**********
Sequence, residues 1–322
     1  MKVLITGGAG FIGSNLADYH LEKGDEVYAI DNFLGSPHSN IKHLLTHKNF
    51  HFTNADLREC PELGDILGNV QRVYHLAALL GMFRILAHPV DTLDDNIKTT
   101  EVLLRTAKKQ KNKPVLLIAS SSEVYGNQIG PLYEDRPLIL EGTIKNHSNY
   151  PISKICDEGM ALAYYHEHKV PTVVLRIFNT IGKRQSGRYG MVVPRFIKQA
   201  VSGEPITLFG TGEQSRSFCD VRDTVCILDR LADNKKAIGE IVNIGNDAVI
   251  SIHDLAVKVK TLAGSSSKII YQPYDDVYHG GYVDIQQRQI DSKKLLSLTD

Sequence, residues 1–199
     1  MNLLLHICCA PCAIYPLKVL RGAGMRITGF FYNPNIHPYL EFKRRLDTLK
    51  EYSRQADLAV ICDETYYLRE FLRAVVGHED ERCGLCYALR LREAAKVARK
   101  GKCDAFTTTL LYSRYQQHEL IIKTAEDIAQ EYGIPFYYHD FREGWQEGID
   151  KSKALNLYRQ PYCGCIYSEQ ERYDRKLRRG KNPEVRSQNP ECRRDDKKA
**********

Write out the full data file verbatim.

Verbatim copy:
Sequence, residues 1–322
     1  MKVLITGGAG FIGSNLADYH LEKGDEVYAI DNFLGSPHSN IKHLLTHKNF
    51  HFTNADLREC PELGDILGNV QRVYHLAALL GMFRILAHPV DTLDDNIKTT
   101  EVLLRTAKKQ KNKPVLLIAS SSEVYGNQIG PLYEDRPLIL EGTIKNHSNY
   151  PISKICDEGM ALAYYHEHKV PTVVLRIFNT IGKRQSGRYG MVVPRFIKQA
   201  VSGEPITLFG TGEQSRSFCD VRDTVCILDR LADNKKAIGE IVNIGNDAVI
   251  SIHDLAVKVK TLAGSSSKII YQPYDDVYHG GYVDIQQRQI DSKKLLSLTD

Sequence, residues 1–199
     1  MNLLLHICCA PCAIYPLKVL RGAGMRITGF FYNPNIHPYL EFKRRLDTLK
    51  EYSRQADLAV ICDETYYLRE FLRAVVGHED ERCGLCYALR LREAAKVARK
   101  GKCDAFTTTL LYSRYQQHEL IIKTAEDIAQ EYGIPFYYHD FREGWQEGID
   151  KSKALNLYRQ PYCGCIYSEQ ERYDRKLRRG KNPEVRSQNP ECRRDDKKA